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Quick recap…

In the last 20 years there have been A LOT of shitty boards, but we’re back to mostly camber with some better materials and construction (sintered base for one). There’s a lot of new woods and other materials in the core as well. They really engineer these things now. Edge tech isn’t always useful.

Bindings have significantly improved, providing better support, comfort and response... yet the step-ins are still questionable.

Boots can have multi zone boa adjustment… better comfort, better support and way better response.
 

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You will absolutely notice the difference between a board from the past 5 years and a 1998 Burton Floater. Hell, you'd notice the difference between that and a circa 2010 board. Changes are incremental, but incremental change over a decade compounds into something notable, much less two.

Now whether that difference actually matters depends how picky you are, and how much you actually ride. If you're hitting the mountain <5 times a year, yea probably doesn't make sense to drop hundreds of dollars on latest and greatest. YMMV depending where you live, but I can pretty easily source fantastic great snowboards that are <5 years old for $150 USD or cheaper.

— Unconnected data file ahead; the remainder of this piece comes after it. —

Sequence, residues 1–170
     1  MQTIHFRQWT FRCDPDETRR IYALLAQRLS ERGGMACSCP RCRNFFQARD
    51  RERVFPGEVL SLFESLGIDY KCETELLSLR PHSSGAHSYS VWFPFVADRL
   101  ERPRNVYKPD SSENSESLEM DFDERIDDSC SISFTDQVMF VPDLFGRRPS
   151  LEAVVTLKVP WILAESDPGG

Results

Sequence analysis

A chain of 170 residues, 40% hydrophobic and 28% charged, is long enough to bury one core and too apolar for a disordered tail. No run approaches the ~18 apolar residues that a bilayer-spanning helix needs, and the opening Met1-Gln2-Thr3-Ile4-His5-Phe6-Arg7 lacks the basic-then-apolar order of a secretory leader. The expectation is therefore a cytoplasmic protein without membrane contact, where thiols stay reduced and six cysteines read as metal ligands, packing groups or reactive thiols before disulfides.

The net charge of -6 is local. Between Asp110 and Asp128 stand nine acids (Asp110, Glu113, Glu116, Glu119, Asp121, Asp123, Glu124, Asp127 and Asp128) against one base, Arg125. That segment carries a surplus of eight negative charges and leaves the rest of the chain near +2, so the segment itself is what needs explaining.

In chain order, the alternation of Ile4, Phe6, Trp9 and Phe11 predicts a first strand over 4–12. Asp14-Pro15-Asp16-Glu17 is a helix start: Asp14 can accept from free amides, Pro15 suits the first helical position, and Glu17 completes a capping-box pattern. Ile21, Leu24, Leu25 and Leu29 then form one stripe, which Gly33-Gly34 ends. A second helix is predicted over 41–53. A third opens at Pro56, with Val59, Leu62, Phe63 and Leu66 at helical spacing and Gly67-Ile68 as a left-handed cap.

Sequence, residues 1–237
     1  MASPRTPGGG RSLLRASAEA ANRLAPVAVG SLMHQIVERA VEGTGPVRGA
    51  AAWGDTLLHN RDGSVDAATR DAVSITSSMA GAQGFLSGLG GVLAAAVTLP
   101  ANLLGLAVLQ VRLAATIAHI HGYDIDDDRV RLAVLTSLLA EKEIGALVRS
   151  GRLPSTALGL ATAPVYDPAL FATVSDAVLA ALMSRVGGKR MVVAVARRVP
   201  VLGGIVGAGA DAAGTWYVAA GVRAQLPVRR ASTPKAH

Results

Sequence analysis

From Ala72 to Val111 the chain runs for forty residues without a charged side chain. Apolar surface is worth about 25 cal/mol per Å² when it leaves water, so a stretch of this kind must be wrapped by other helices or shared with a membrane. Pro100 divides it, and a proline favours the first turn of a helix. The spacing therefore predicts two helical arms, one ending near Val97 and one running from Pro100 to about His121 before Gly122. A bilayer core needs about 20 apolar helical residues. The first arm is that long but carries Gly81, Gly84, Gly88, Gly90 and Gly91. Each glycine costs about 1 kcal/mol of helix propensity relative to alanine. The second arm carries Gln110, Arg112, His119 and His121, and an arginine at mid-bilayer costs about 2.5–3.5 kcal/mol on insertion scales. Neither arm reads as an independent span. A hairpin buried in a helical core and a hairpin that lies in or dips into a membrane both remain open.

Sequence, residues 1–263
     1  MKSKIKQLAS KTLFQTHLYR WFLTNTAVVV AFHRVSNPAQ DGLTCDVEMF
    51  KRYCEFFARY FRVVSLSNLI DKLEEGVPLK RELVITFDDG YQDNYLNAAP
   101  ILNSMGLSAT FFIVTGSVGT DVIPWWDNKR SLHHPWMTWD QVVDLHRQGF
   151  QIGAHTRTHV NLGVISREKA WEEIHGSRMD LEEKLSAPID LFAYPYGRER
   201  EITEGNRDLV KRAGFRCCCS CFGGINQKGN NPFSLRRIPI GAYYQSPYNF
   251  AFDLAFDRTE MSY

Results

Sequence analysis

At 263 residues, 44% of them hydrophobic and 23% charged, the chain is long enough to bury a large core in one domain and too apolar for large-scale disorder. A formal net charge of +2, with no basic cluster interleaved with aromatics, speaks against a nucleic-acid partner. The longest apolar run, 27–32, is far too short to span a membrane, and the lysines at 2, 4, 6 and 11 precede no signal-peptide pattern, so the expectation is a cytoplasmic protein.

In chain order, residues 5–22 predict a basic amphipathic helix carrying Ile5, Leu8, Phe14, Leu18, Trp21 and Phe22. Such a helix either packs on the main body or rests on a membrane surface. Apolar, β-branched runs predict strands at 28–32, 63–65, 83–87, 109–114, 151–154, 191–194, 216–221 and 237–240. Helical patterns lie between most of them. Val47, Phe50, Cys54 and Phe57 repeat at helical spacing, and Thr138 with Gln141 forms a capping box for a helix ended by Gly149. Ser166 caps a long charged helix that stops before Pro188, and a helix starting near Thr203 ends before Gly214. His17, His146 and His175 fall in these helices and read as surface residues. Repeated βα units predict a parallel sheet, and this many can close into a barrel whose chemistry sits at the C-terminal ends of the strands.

Now if your bindings are of similar age, I would absolutely replace those. Bindings from that era were outright crap compared to what's available now, and soft plastic components (ladders, strap tongues, etc.) deteriorate. At this point I'd call it a legitimate safety issue and wouldn't even consider it unless you can at least source replacement straps. Which might prove challenging for 20+ year old components.
 

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As an older rider, I can tell you age is not just a number. You are 10 years older than the last time you rode your 25 year old board. Your body’s components need all the help they can get. The new technology is what keeps me riding at a decent level. I think you’d feel the same. It’s fun to break out the old boards and neon every once in a while, but if your serious about getting back into the sport, upgrade everything. Your local board shop can help you decide what’s best for your age, fitness level and riding style. As others have mentioned Demo or rent to get an idea of how this sport has evolved in the past 10, 20, 30 years.